For a long time I thought that poison only affected me, so I kept it to myself. But that was just another lie that grew out of the main one I’d been living. “You don’t matter much,” I told myself, “so your bitter feelings aren’t going to hurt anyone else anyway. Not like they care.” In a way that’s a self-fulfilling prophecy. I’ve had more people, especially my male friends, tell me in the past year that they thought I hated them when we first met. That’s such a blow, because of course I didn’t hate them — I just assumed they’d have no use for me, and apparently my bitterness showed…and it certainly affected people other than myself.
Pope Francis’ homily yesterday on this reading drives at the heart of jealousy and envy, and the way these vices tear people apart. Maybe you’re not spreading rumors or actively wishing someone else harm, but are you withdrawing into yourself and shutting others out? Are you projecting your own self-hatred onto people who would probably like you very much if you only liked yourself a little?
At the heart of it all is ingratitude. Pope Francis says that “the jealous person…doesn’t know how to sing, how to praise.” As I’ve learned through long, hard experience, praise is where we have to start if we want to run jealousy out of our hearts.
I remember discovering this in a very concrete way while I was on retreat one summer years ago. A girl in my group sang like an angel, and the retreat leaders had asked her to lead some songs. I felt the usual nauseating waves of jealousy as she started off, the bitter comparisons of my only decent singing voice to her gripping talent. Then I remembered a conversation I’d overheard her having just the day before. Someone praised her talent and she very sincerely replied, “Thank you. All for the glory of God, right?” It suddenly put things into stark perspective. Here she was using her beautiful voice to sing songs of praise (literally), and all I could think about was myself. I remember I actually started laughing at that point, because looking at it that way showed very clearly that I had nothing to do with this situation. My only place there was to listen, to enjoy, to praise God with her, and to praise God for her talent. It was a moment of pure grace for me, to be able to see this so clearly and to say in all sincerity, “Thank you, Lord, for her incredible talent.”I wish I could say I was never jealous again after that, but it would be a blatant lie. Still, it was the beginning of a new outlook, and it gave me a new weapon to fight off a nasty old habit.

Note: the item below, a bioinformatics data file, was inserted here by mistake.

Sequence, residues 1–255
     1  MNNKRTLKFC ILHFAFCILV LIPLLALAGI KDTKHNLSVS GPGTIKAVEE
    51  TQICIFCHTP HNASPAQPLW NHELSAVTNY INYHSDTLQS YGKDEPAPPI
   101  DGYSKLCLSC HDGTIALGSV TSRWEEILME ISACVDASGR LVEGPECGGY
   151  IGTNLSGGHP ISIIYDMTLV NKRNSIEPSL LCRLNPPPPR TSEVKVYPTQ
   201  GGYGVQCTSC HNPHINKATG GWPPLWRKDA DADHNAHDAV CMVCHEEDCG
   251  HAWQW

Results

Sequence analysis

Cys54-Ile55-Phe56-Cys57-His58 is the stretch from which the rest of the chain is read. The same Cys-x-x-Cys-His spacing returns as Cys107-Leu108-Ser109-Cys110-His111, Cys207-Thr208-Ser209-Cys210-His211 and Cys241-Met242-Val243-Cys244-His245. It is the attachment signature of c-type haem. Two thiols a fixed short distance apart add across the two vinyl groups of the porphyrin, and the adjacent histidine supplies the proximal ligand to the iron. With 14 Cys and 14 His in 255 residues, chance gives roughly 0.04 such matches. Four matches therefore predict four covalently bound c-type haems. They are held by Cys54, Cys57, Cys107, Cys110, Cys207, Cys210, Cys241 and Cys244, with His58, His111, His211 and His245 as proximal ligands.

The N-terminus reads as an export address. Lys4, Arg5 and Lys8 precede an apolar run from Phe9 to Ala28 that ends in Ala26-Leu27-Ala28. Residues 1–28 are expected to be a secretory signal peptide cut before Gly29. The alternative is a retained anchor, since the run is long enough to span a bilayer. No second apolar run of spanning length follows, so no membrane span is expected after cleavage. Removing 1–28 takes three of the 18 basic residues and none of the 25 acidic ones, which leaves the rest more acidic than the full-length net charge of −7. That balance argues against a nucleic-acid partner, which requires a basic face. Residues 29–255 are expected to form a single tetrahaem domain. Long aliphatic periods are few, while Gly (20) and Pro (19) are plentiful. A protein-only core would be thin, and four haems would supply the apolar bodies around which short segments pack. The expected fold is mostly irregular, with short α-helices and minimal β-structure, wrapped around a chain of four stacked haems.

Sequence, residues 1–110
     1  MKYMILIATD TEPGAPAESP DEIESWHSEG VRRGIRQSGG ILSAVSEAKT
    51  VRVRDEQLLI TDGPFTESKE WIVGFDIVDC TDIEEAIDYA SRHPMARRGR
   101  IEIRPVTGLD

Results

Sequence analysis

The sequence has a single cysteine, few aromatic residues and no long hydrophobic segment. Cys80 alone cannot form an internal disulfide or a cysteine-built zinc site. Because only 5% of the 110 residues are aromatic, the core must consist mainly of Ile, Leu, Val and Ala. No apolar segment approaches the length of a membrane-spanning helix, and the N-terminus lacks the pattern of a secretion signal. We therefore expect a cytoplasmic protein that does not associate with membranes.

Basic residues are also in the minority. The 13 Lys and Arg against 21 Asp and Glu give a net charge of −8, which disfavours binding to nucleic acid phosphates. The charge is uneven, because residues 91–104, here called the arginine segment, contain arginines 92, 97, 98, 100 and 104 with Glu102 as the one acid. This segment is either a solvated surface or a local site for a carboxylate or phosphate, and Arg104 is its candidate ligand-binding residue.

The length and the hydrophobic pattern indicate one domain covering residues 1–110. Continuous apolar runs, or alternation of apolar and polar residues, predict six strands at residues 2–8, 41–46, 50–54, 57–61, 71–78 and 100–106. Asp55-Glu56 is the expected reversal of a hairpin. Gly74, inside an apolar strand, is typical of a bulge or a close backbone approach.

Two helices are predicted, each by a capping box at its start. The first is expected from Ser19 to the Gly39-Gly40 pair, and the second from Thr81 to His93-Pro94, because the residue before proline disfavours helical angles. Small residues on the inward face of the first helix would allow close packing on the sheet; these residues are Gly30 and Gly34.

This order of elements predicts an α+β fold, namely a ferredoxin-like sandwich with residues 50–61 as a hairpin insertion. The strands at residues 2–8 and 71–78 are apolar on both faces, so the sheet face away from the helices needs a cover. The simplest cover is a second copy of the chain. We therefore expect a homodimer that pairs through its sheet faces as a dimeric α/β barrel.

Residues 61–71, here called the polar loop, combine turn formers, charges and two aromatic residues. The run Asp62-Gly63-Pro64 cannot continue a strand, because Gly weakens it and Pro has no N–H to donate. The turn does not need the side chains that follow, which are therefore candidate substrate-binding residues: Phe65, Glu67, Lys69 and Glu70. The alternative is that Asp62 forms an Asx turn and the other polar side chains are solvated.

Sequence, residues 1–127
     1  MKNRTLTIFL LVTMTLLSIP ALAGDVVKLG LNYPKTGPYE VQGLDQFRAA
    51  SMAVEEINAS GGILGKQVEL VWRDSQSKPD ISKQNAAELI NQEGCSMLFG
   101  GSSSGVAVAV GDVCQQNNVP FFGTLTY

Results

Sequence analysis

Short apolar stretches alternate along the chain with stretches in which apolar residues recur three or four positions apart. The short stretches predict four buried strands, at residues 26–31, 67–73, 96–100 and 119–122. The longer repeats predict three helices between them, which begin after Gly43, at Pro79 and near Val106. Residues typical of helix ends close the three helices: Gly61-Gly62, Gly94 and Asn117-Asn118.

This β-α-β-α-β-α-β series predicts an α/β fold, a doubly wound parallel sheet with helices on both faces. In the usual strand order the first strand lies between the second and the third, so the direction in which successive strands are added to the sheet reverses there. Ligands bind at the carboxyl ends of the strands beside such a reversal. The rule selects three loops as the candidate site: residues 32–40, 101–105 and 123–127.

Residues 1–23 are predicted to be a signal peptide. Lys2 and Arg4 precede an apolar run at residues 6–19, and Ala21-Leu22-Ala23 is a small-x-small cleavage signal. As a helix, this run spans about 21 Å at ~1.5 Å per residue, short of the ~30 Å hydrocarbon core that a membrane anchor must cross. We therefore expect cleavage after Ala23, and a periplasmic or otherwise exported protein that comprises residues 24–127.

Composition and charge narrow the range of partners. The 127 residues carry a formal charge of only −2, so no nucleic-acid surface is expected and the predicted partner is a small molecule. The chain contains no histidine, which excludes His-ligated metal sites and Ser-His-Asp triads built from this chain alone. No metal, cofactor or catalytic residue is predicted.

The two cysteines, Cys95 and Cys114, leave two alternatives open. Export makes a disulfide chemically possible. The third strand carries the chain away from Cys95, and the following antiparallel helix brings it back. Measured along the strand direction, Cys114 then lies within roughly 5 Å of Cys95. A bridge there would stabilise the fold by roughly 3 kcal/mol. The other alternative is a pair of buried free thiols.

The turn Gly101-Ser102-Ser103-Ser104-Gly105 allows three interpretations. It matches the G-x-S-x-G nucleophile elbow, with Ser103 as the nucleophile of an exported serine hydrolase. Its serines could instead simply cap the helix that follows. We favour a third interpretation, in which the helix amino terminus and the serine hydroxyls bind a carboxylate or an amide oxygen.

Jealousy is bitter by nature because it’s an always futile attempt to put the “I” at the center of everything, where it can’t subsist, because it doesn’t belong there. Jealousy kills, as Pope Francis says. It kills relationships, it kills love of the other, and it kills properly ordered self-love. Praise restores balance by taking our focus off ourselves and putting it on the One Who is the true Center of everything, the only Center that can hold.